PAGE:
Sunday, 10 August 2014

A dominant display

Sunday, 10 August 2014
Like London buses, after waiting nearly a year for a test win, two came along at once for England. And if the previous win could be described as emphatic, then this was even more so with India beaten inside only three days. Though just making it to the end of the day could have been enough for India - the weather forecast really looking that bad - they seemed to lose all fight in their second innings, falling apart on the way to an innings defeat.

On the second morning, India were actually the better team - winning what was arguably their first session since Lord's. The wickets of the nightwatchman Jordan and Bell fell in quick succession to Kumar, whilst Varun Aaron also troubled the batsman in his first match of the series, being rewarded with the wicket of Moeen Ali. England fell to 170/6, and with their lead only being 18 it looked like India might be able to get back into the match. Yet the pair of Root and Buttler managed to rebuild before the rain started to fall and brought a premature end to the day's play, England at 237/6. India weren't yet out of it, but the lead was edging closer to 100 and a platform was being set. The pair continued to build upon this progress the following morning, Buttler showing he is just as capable of building an innings as he is outright attacking, and both made it into their seventies before falling to Pankaj Singh. Pankaj had a luckless time on debut with dropped catches and dubious umpiring decisions denying him of his first test wicket, instead seeing him record the worst bowling figures by a debutant. His poor luck was continuing here as he repeatedly beat the outside edge with no reward, but when it did finally come - a glove by Root down leg, of all the ways to get it - it was warmly received by both sets of fans. Unfortunately for India, England now had plenty of runs on the board and after brief attacks from Woakes and Broad (Broad's innings cut short by a horrible blow to the face, leaving him with a fractured nose), England were all out for 367, a 215 run lead. On a pitch where the bowlers would always have a chance, it was a strong total and meant that only the weather was now likely to beat them.

In the second innings, India crumbled away just as easily as they did in the first. There was no 8/4 this time - and by the end of the innings there had been only one duck - but the end result was much the same, and this was without the man who had taken six wickets in the first innings. All the bowlers contributed - Woakes also finally taking a wicket after faring similarly to Pankaj in the previous match - with Moeen Ali this time being the leading light. With every passing match Moeen is looking more suited to test level, changing his pace to suit the conditions and getting a good amount of revolutions on the ball. The six in Southampton was followed up with four here, and helped 53/1 turn into 66/6 - leaving the game virtually over for India. Anderson also chipped in with a couple of wickets - once more removing Kohli for a low score, his disappointing run of form continuing with a series average of only 13.50. What was perhaps the worst shot came from Dhoni - a slog to midwicket only finding the flying Ballance. In many ways it typified India's failure, seeming to show they had just given up. More resistance came in another counterattacking innings from Ashwin, but India couldn't overcome their deficit before the last two wickets fell in two balls to Jordan. India all out for 161; an innings victory for England giving them a 2-1 lead in the series.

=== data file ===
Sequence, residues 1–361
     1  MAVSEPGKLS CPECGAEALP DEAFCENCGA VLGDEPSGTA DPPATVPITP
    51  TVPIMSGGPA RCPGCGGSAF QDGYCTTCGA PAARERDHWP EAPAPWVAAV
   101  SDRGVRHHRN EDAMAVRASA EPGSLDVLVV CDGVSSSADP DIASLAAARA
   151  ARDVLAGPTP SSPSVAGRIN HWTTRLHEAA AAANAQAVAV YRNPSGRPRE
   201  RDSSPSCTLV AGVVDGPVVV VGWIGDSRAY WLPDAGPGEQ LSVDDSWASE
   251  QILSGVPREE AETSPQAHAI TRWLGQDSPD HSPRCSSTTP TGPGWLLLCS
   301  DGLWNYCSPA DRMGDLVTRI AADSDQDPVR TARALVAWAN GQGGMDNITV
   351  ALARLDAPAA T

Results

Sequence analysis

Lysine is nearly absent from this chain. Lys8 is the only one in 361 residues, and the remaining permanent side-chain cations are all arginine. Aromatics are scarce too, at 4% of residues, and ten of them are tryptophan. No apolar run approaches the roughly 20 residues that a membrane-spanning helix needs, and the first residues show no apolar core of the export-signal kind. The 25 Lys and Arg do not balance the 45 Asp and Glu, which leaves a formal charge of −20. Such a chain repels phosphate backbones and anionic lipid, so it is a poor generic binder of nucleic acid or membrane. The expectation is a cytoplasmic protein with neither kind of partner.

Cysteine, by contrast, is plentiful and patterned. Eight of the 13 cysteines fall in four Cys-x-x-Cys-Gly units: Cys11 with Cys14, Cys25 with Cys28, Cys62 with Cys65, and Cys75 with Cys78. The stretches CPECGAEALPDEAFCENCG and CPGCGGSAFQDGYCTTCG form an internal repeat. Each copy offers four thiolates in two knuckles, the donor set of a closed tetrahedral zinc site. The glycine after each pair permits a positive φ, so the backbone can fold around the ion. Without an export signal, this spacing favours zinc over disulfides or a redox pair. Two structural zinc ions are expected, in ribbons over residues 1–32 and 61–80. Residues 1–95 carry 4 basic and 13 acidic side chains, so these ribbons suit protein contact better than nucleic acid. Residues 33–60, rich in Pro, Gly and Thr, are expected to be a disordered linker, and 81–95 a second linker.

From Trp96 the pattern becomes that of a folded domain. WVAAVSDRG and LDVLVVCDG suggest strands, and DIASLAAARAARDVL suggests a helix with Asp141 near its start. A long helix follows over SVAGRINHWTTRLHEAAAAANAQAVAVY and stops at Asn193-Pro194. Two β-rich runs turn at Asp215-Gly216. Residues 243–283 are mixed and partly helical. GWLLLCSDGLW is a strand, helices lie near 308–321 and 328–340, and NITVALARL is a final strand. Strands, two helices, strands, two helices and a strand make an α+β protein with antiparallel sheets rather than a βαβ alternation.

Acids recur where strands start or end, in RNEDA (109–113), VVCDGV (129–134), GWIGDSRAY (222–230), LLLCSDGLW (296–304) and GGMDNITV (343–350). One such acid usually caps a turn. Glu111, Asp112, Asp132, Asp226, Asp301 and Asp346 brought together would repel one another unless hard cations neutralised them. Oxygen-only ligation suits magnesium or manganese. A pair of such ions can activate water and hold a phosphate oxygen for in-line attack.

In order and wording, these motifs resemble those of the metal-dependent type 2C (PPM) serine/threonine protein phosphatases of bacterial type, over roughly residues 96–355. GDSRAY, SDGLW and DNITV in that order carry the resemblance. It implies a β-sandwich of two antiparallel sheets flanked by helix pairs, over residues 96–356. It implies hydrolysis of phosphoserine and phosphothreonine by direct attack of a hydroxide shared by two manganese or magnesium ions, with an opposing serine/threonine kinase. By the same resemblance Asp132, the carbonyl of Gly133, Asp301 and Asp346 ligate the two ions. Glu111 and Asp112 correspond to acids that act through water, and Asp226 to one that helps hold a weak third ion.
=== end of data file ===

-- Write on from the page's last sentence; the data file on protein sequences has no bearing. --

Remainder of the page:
Can India come back from this? With the series still alive with a game left, it is not over yet and England came back from a similarly devastating defeat only last week. But now England's morale seems ever rising, as they look to continue their promising form. They are still a work in progress and questions do remain over some players - mainly Robson as opener and the pair of Woakes and Jordan as support to Broad and Anderson, who have looked a class apart in these past two games. Personally, I would like to see Finn return to the team as when he does get it right he is a bowler who can post a constant threat with his pace and steep bounce, and he has bounced back well in county cricket this winter after becoming 'unselectable' over the winter. For India though, the problems are mounting. The new generation of batsmen, barring Rahane and Vijay, have for the most part not lived up to their reputations, and the bowling has been mixed - Kumar successful but not able to do it all by himself, Sharma injured, others such as Binny and Shami tried and then dropped. The team selection has at times been questionable - Ashwin and Aaron not playing until this fourth test; Binny played but barely used; Rohit Sharma in and out for only one game. In all the off field drama regarding Anderson and Jadeja, India seem to have come off worst, perhaps letting it become too much of a distraction from the real action. England will be favourites to take the series at The Oval after two dominant victories, but it is still not time for India to give up yet.

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